The San Fernando Valley area is great. In the entire Los Angeles area, it’s among the very best places to live and to work. But one thing it is not: party central.

Be honest. If a visitor asks you for directions to the nearest hot spot, you’re likely to point toward Las Vegas.

Now I don’t think any of us would like to see our family-centric Valley area transformed into a basin of unabashed bacchanalia. But on the other hand, a spot of nightlife here or there – somewhere, anywhere, for goodness’ sake – would add a dash of vibrancy to what can be an immense dead-after-dark zone.

That’s why I’m heartened by a bill in Sacramento (SB 384), that would give cities the flexibility to let some nightspots stay open until 4 a.m. According to the language in the bill, the statute now calls for every bar in the state to close by 2 a.m. and not reopen until 6 a.m. at the earliest.

Let’s stop for one quick sidebar because you and I probably are wondering the same thing: 6 a.m.? Really? Bars can open at 6 a.m.? What genius legislator concluded that it is a serious no-no to tipple past 2 a.m., but if you want to pound down a few on your way to work in the morning, hey, that’s perfectly fine.

Anyway, back to the bill: It does not mandate that all bars must stay open extra late. It simply gives local jurisdictions the right to extend the closing time to as late as 4 a.m. The city could choose to give that right to only one or two places that serve alcohol. Or the locality could create an entertainment district and any bar in it could serve drinks extra late. Or the city could opt to do nothing – not change the current 2 a.m.closing time.

What’s more, it wouldn’t be easy for a bar to stay open extra late. For example, any nightspot that applies to stay open late would have to notify neighbors within 500 feet and be subject to a hearing and appeals process. The point: Even if the bill passes, it’s not as if suddenly every second bar would be open till 4.

So why is this a good idea? Partly because it would boost the convention and tourism business. We miss out on some conferences and their free-spending conventioneers who want to party hearty till almost dawn. Such cities as New York, Chicago, Washington, Las Vegas and Miami Beach all have nightspots that stay open until 4 a.m. I know from having lived in New Orleans years ago that a number of bars there never close. (The joke: They’d close if the final customer would ever crawl out.) California’s bigger cities are at a competitive disadvantage.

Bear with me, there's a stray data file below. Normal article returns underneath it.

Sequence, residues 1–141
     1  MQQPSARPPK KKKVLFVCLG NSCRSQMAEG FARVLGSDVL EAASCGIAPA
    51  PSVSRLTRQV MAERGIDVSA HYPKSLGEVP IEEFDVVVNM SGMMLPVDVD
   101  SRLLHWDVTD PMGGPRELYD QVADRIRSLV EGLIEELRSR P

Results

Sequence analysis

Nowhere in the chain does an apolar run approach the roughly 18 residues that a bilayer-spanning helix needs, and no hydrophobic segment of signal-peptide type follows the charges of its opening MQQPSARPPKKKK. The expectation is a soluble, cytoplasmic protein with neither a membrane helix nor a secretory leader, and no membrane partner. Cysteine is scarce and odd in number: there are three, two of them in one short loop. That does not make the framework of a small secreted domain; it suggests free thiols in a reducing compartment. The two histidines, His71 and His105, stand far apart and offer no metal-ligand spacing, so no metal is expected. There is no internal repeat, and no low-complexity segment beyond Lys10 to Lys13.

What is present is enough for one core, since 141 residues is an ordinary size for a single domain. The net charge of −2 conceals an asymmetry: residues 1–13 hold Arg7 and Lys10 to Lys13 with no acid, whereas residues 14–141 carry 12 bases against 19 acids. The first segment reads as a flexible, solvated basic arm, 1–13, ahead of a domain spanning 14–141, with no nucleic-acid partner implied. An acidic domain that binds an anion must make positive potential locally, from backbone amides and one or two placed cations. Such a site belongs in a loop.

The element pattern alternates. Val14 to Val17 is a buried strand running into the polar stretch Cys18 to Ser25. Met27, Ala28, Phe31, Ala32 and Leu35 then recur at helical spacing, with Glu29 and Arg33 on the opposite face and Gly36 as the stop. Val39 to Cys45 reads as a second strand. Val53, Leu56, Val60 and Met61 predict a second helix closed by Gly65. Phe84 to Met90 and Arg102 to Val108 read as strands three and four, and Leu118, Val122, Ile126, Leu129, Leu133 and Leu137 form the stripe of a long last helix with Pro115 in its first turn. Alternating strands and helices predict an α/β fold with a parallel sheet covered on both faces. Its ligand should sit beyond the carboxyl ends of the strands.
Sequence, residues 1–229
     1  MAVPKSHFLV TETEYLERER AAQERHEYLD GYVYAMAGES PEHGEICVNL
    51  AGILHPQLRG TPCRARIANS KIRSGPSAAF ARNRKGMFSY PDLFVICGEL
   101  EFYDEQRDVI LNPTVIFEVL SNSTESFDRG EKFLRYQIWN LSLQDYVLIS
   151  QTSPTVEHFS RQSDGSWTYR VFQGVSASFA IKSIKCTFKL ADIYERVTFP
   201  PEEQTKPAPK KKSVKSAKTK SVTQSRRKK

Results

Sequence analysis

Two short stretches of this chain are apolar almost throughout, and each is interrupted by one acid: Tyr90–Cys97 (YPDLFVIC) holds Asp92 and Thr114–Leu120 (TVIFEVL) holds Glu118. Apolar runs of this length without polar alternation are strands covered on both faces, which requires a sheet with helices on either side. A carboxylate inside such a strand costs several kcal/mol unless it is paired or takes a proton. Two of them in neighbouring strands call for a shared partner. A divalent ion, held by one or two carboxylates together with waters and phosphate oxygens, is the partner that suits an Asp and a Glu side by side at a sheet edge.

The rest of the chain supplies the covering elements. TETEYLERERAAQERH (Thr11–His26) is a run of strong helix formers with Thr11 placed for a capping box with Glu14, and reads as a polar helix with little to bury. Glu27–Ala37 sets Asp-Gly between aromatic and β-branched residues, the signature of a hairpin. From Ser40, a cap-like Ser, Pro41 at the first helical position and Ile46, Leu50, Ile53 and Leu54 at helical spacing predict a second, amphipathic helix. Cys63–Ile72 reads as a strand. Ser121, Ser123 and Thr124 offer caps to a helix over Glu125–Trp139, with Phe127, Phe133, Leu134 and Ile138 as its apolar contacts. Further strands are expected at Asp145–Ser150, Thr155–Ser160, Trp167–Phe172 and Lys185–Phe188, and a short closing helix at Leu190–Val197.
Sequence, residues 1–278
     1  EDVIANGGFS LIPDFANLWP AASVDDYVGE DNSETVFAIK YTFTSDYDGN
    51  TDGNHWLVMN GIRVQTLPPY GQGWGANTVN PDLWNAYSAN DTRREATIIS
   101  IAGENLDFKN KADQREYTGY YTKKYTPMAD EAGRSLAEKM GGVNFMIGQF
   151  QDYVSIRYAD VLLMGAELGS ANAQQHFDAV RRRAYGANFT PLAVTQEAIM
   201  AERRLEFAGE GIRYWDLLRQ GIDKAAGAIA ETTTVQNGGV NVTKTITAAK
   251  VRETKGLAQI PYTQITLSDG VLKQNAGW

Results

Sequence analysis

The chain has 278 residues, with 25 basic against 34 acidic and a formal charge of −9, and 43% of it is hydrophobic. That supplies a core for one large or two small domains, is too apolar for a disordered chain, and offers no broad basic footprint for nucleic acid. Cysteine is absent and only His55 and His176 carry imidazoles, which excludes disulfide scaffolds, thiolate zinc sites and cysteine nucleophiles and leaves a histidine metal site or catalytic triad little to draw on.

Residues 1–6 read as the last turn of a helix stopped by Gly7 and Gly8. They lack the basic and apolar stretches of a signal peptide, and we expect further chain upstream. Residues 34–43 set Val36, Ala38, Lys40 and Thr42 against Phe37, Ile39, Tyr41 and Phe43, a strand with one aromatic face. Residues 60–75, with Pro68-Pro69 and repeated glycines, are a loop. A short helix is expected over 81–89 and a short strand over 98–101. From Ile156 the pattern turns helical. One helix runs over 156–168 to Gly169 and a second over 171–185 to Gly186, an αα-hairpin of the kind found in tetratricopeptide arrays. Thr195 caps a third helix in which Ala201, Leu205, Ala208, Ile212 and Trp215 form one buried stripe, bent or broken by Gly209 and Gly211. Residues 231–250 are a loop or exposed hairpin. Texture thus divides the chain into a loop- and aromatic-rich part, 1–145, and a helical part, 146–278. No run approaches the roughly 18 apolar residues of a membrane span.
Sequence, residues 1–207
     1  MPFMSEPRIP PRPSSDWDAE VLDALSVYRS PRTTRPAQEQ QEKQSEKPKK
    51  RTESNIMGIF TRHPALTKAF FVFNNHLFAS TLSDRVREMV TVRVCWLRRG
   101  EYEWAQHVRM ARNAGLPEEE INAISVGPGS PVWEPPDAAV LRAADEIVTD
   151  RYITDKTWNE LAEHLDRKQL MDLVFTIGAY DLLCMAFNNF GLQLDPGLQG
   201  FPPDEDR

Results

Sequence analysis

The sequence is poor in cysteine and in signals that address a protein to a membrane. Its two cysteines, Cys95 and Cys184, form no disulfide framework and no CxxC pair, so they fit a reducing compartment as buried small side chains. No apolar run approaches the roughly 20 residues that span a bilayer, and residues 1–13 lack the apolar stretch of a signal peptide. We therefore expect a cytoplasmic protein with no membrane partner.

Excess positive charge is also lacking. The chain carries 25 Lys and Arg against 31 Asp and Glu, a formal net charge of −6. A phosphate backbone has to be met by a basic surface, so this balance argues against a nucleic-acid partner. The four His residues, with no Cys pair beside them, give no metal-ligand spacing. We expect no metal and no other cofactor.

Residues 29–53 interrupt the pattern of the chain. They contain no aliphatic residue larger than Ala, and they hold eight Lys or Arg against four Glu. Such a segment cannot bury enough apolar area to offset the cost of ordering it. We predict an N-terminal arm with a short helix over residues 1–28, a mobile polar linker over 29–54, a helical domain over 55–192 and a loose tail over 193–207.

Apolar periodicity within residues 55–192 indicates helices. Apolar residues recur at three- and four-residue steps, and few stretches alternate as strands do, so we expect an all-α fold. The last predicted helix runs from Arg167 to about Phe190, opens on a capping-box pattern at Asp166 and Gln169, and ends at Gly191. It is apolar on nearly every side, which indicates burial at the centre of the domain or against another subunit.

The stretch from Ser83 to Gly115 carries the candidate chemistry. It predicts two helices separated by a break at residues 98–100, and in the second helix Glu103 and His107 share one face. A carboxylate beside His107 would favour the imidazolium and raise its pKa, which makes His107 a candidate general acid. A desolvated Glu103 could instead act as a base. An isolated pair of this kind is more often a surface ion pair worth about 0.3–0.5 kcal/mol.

Now, you might point out that extra-late hours might fit well in Hollywood and West Hollywood but not anywhere in the Valley area. But I’d argue that you’d be wrong. We have some districts that could be transformed by this law. They could become far more vibrant nighttime entertainment districts if only we let them. Examples: the NoHo Arts District in North Hollywood; a stretch of Brand Boulevard in Glendale; spots on Ventura Boulevard in Studio City and Sherman Oaks; downtown Burbank; perhaps near the Village in Woodland Hills; and maybe even a pocket on Thousand Oaks Boulevard in Conejo Valley.

Those zones and others I didn’t mention would never be big convention magnets, true. But they could become little hot spots that attract smaller regional meetings plus serve as a local gathering place for those who stay up late. If the nightspots do a brisk business and expand, other businesses would follow and pretty soon, we’d have several livelier nightclub districts throughout the area. It would be grand to have at least a few zones in the Valley area that are alive after 5, no?

Local folks would benefit from this. Not everyone has a 9-to-5 job, after all, and some people just want to stay out late on occasion. Businesses would be helped and even created if entertainment districts were to coalesce, and some residents would find the areas appealing. Even if they went home at 9 p.m., they may be attracted to the more vibrant nightlife zones.

What’s more, it must be safer for bars to close at different times so that not all inebriated folks are dumped onto the street at once, overwhelming ridesharing services.

If we wanted to clamp down on anything, I’d be in favor of changing that law that allows bars to open at 6 a.m.

Charles Crumpley is editor and publisher of the Business Journal. He can be reached at